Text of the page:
The McKinsey week in Charts

Holding back their whole selves

In a culture that still largely views gender on binary terms, transgender people in America face unique challenges in the job-application process. Half of transgender respondents to a recent McKinsey survey indicated they couldn’t be their full selves when applying for jobs. Only 33 percent of cisgender applicants indicated the same.


To read the article, see “Being transgender at work,” November 10, 2021.


Driven by climate change

Climate-change concerns are expected to drive a significant rise in electric- and hybrid-vehicle sales across Asia by the end of this decade. In China, for example, only about 10 % of auto sales were for new-energy vehicles last year. By 2030, that figure is expected to be closer to 60 to 80 %, as more consumers seek sustainable mobility options.



To read the article, see “Asia’s consumers on the move: The future of mobility,” October 29, 2021.

Bailing for better benefits

In our survey of nearly 3000 US workers, 30 % or more of Black, Hispanic and Latino, LGBTQ+, and younger employees said they had considered switching employers to get better benefits—even when they had access to the same benefits as other colleagues. Further, employees who reported not receiving the care they needed were two times more likely to consider switching employers and half as likely to recommend their employer to friends.

To read the article, see “Income alone may be insufficient: How employers can help advance health equity in the workplace,” December 3, 2021.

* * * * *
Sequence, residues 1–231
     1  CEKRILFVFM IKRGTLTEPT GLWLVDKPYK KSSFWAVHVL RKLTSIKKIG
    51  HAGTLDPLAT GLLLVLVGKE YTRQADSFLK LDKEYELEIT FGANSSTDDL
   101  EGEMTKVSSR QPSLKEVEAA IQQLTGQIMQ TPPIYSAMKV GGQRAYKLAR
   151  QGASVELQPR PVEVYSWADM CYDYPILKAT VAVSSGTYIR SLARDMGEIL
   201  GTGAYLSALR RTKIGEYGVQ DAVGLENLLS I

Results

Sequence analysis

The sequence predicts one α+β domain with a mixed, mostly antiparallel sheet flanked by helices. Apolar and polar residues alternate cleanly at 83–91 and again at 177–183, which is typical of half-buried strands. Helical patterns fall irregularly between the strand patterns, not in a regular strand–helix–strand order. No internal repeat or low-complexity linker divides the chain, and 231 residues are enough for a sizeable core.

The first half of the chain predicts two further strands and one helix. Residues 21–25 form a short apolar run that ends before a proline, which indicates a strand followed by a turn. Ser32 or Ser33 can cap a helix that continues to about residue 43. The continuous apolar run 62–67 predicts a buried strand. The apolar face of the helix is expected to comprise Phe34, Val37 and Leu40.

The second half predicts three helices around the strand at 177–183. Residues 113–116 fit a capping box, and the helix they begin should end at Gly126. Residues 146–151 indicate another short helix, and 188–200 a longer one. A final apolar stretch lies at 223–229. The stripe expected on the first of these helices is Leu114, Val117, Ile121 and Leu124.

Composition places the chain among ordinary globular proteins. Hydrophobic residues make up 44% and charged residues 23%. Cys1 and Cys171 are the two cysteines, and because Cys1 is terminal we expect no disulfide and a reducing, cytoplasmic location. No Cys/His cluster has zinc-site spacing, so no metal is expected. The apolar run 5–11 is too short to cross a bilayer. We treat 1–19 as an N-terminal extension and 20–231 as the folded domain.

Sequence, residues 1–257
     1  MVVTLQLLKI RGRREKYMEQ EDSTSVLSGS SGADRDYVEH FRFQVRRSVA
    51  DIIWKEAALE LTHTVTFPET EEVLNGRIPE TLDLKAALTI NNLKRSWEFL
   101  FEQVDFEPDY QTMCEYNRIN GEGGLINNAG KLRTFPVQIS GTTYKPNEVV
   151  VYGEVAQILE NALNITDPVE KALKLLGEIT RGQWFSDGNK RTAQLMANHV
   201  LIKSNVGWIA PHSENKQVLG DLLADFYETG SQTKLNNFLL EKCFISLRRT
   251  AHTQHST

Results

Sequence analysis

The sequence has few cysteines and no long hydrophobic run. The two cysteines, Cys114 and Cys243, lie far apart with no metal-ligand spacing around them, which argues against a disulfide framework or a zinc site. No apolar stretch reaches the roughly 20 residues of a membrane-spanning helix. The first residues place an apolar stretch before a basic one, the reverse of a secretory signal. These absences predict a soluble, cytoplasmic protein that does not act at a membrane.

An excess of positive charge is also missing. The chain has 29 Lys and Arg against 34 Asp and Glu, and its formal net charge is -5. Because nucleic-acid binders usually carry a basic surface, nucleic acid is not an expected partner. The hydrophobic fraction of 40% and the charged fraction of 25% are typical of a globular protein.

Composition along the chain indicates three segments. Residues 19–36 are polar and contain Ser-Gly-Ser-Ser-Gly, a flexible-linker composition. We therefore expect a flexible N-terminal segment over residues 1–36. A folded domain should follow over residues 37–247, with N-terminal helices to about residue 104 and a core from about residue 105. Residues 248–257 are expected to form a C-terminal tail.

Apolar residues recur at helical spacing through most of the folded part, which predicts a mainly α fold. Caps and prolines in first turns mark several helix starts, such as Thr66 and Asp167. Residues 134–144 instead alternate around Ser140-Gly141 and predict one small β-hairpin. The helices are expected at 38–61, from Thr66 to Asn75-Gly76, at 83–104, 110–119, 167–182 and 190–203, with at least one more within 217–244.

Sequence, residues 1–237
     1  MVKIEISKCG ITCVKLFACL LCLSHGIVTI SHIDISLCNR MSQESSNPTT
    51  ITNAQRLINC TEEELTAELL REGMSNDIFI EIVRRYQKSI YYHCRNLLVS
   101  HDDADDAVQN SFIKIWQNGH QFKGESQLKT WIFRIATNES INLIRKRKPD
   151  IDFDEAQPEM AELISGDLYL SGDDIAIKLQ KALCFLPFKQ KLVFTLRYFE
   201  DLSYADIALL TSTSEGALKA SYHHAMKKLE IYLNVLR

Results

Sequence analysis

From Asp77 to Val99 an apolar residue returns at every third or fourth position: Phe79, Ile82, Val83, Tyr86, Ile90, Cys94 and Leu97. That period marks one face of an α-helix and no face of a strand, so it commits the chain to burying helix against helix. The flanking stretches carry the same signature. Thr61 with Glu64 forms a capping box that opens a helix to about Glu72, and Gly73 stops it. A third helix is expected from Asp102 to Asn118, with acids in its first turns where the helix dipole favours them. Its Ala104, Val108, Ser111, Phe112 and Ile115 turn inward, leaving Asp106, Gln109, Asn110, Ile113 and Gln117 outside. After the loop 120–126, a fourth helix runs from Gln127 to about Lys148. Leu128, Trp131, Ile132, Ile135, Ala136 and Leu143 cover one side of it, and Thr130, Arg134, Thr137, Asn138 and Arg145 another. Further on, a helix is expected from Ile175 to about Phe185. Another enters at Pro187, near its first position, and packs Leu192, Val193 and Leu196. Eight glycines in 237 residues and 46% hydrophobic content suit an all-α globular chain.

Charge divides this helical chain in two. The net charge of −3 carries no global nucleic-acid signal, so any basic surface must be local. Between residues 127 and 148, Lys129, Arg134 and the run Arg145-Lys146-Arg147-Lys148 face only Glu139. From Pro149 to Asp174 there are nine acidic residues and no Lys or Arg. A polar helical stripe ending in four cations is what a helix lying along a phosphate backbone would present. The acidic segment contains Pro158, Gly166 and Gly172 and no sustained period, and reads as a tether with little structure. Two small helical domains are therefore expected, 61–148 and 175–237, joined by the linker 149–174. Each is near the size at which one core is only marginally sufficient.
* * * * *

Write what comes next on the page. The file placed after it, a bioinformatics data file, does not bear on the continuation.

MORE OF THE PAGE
Patently inferior?

The United Kingdom has always had a reputation for scientific excellence, with world-class universities and Nobel laureates by the dozen. Our Biotech Innovation Index finds the reputation is justified: the country leads its European peers in total life-sciences publications and leads the world in publications per billion dollars of GDP. One surprising gap: UK startups receive fewer patents than other European countries.

To read the article, see “The UK biotech sector: The path to global leadership,” December 3, 2021.


More women in the workforce: Key to higher GDP in CEE

Women are underrepresented in corporate leadership across Central and Eastern Europe (CEE). If 2.5 million more women joined the workforce, worked about two paid hours more per week, and landed jobs in the most productive sectors, women’s contribution to GDP could unlock as much as €146 billion in annual GDP by 2030.


To read the article, see “Central Europe’s great gender opportunity,” November 3, 2021.